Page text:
Water allocation

Ko te wai te ora ngā mea katoa
Water is the life giver of all things

We all need water. But despite living on the 'big blue planet', only 2.5% of the world's water is wai māori (freshwater). The remaining 97.5% is the salt water found in the ocean. Most of this freshwater is locked up in ice caps, glaciers and snow or stored deep beneath the earth's surface.

This means that just 1% of the global water supply sustains all living things: the creatures of the awa (rivers and streams) and roto (lakes), your friends and whānau, and the animals on the land.

Horizons Regional Council’s current water allocation framework, implemented through the consenting process, aims to protect our region's precious freshwater species while supplying our communities with access to the water they need to survive and thrive.

Unfortunately, this framework does not currently fulfil all the requirements outlined in the National Policy Statement for Freshwater Management 2020 (NPS-FM), introduced by central government as part of their Essential Freshwater reforms.

We have identified some areas for improvement within this framework and are working with local iwi, hapū, territorial authorities, industry bodies and communities to find solutions to these issues.  The official feedback survey for this particular engagement was open until 5 pm, Sunday 30 July 2023, and was intended to help guide any potential changes to how we allocate water in the future. Continue reading before submitting your feedback to better understand our current water allocation framework and the areas we need to improve.

You can provide feedback on anything on this website by filling out our feedback form here.

Water, water, everywhere...

Check out the following video to learn more about where freshwater comes from, how it moves over, through and under the land, and how humans use it for varied activities.

What do we need to do?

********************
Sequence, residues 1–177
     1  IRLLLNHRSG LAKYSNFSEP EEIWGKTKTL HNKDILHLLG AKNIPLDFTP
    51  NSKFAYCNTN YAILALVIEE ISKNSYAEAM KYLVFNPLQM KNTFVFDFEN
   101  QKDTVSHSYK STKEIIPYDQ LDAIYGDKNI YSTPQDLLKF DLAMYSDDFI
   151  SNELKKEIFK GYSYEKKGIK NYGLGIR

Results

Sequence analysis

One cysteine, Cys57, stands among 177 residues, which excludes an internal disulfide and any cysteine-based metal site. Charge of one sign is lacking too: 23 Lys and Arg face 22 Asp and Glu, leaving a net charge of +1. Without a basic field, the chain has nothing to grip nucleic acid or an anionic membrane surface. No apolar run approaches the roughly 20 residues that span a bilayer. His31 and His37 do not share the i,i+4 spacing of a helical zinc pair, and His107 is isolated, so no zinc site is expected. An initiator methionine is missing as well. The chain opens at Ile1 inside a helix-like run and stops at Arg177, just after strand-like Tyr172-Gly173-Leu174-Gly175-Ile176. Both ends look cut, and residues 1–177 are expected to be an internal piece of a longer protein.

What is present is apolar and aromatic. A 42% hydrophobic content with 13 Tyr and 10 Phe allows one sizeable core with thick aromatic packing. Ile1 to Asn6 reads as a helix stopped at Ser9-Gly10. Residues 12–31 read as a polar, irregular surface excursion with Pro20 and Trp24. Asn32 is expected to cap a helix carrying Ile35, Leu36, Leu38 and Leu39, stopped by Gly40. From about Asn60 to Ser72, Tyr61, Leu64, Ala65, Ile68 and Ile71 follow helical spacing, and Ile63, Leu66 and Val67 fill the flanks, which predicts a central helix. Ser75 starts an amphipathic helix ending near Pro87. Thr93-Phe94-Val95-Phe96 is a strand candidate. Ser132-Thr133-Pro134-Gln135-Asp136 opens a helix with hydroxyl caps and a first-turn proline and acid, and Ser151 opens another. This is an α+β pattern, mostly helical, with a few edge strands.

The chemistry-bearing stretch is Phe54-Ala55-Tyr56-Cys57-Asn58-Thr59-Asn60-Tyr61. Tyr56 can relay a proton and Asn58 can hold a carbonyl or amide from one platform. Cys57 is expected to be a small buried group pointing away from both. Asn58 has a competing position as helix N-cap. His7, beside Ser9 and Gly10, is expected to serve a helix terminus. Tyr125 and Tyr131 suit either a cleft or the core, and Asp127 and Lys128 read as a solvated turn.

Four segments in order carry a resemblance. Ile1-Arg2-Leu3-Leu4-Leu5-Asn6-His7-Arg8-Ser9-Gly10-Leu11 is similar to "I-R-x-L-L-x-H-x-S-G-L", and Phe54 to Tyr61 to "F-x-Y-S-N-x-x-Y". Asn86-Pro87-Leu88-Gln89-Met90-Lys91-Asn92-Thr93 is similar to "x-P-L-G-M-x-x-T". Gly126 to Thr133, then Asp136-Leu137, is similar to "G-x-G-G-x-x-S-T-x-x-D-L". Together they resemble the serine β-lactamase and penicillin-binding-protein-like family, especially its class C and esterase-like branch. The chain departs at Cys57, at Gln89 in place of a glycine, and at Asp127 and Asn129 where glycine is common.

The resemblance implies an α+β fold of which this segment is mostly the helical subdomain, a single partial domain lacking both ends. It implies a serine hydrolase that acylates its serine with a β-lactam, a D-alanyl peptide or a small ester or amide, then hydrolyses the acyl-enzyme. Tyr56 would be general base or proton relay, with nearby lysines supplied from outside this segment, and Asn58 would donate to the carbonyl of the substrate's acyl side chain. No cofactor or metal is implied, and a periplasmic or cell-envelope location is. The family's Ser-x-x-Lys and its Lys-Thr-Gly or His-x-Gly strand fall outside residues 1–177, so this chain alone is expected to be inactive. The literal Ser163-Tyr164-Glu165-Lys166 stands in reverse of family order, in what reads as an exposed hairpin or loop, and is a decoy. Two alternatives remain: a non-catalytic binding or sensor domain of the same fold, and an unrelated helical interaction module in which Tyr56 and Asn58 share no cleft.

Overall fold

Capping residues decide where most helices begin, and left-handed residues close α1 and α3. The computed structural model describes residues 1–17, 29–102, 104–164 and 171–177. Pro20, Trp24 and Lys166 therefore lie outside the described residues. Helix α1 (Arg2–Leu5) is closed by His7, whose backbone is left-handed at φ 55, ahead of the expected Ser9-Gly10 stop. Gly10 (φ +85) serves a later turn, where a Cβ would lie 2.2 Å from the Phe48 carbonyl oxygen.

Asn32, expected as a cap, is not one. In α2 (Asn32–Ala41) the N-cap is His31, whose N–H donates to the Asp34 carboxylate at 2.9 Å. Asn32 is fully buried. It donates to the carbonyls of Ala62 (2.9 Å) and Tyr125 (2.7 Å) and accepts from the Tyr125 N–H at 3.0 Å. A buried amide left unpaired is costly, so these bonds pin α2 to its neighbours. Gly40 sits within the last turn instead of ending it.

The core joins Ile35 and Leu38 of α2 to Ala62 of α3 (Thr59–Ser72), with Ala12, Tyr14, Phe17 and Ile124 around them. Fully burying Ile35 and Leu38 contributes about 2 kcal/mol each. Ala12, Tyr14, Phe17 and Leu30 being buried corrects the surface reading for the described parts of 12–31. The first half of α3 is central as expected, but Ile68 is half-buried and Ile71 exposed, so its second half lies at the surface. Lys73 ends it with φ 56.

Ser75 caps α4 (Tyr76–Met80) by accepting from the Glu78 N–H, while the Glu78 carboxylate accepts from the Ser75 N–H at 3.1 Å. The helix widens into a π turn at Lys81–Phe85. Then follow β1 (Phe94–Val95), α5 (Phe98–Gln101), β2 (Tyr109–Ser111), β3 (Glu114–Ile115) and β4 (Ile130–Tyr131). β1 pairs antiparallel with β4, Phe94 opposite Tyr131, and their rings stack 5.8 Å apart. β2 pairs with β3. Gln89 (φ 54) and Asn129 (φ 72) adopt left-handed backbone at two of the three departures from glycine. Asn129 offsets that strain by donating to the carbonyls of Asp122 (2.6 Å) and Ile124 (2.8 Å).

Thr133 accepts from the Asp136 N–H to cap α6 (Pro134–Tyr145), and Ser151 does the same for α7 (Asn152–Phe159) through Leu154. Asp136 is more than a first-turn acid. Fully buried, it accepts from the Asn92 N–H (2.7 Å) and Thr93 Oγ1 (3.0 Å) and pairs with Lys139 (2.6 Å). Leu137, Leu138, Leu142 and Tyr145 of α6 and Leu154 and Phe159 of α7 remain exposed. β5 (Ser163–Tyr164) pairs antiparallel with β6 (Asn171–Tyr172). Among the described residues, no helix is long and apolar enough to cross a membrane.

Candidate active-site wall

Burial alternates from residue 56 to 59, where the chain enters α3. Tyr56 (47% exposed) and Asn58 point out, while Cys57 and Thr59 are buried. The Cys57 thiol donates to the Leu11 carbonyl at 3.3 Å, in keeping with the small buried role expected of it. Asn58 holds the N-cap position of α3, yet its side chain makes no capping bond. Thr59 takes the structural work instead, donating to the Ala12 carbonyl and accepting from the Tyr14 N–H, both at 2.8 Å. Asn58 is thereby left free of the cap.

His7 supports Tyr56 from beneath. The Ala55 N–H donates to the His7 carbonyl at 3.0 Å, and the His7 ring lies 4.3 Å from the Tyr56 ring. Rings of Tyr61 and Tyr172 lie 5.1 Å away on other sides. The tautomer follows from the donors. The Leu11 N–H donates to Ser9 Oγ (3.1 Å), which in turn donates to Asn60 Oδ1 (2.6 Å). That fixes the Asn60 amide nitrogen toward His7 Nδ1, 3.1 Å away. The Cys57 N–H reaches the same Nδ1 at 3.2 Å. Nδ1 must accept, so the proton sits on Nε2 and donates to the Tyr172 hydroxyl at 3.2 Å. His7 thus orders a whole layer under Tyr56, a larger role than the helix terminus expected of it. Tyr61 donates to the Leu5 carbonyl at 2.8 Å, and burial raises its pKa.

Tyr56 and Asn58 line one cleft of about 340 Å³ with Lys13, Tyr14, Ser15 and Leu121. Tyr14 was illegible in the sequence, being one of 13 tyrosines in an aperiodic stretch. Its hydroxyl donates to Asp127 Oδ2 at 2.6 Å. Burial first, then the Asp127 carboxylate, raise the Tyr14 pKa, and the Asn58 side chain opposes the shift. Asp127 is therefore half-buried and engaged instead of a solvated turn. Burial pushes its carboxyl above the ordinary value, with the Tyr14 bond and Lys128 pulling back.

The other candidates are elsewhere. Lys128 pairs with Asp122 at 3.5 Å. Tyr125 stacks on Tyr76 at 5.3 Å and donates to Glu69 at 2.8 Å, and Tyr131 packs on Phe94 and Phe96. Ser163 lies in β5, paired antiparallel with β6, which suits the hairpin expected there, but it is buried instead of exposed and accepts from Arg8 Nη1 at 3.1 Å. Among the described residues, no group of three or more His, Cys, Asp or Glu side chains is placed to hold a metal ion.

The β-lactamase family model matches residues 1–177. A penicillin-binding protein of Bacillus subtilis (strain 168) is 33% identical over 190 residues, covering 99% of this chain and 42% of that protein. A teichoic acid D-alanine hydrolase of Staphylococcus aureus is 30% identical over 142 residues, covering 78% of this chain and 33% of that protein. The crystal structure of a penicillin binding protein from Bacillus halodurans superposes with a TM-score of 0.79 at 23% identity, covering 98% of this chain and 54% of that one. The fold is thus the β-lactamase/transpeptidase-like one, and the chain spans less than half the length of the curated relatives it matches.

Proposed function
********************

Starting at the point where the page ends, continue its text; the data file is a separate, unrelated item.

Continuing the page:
Horizons’ current water allocation framework has generally guided the distribution of the region's freshwater effectively, sustaining the well-being of waterways and everything that relies on them.

However, Horizons has recently evaluated the One Plan’s Water Quantity and Allocation policies and identified areas for improvement in the present context of Te Mana o te Wai and the NPS-FM.

The One Plan evaluation highlighted the following issues:

  • Some of our policies do not reflect the Te Mana o te Wai* framework and its hierarchy of obligations, which prioritises the health and well-being of water bodies and freshwater ecosystems first, the health needs of people (such as drinking water) next, and the ability of people and communities to provide for their social, economic, and cultural well-being after that, both now and in the future.
  • Under the One Plan, nine water management sub-zones (surface water catchments) are currently over-allocated, meaning more water is presently allocated than the limits for those sub-zones allow.

*Through engagement with our iwi and hapū partners, we have developed a draft regional approach to implementing Te Mana o te Wai in the Horizons Region. Learn more about Te Mana o te Wai and how it guides our proposed regional approach to freshwater management here.

Have your say

While your tamariki giggle under the refreshing spritz of the backyard sprinkler, Horizons Regional Council helps watch over the taonga (treasured) species swimming, slithering and scrambling in the region's awa.

Demand for wai māori tends to rise just as the water supply begins to fall. During summer's dry months, awa across the Horizons Region reach their lowest levels.

Horizons' current water allocation framework establishes clear limits that consider the protection of freshwater ecosystems. This system enables users to take water from the rivers without causing harm and informs us when it is necessary to reduce water abstraction.

The current water allocation framework defines:

  • Core take limits for surface water (rivers and streams) and groundwater
    The maximum amount of water available for activities outside a water body, catchment, water management zone*, or sub-zone.

    *Water management zones are a window into how water takes have a flow-on effect downstream. We can investigate and manage the human activities in each zone across the catchment to reduce the impacts of these activities downstream.
  • Supplementary take limits for surface water
    The amount of water that can be taken only when the river is greater than the median flow and stored for later use.
  • Minimum flows for surface water
    The minimum flow or water level required to sustain river and stream habitats and the aquatic plants and creatures they support.

Generalised water allocation

Median flow | A statistic that represents the typical flow for that site.

MALF | Mean Annual Low Flow: A statistic representing how low the flow gets in a typical year.

Horizons has an extensive river flow monitoring network that provides our staff with real-time water level information. This data helps us identify when water levels are becoming low and when abstractors need to limit the amount of water they take, except for essential purposes like providing drinking water for people and animals.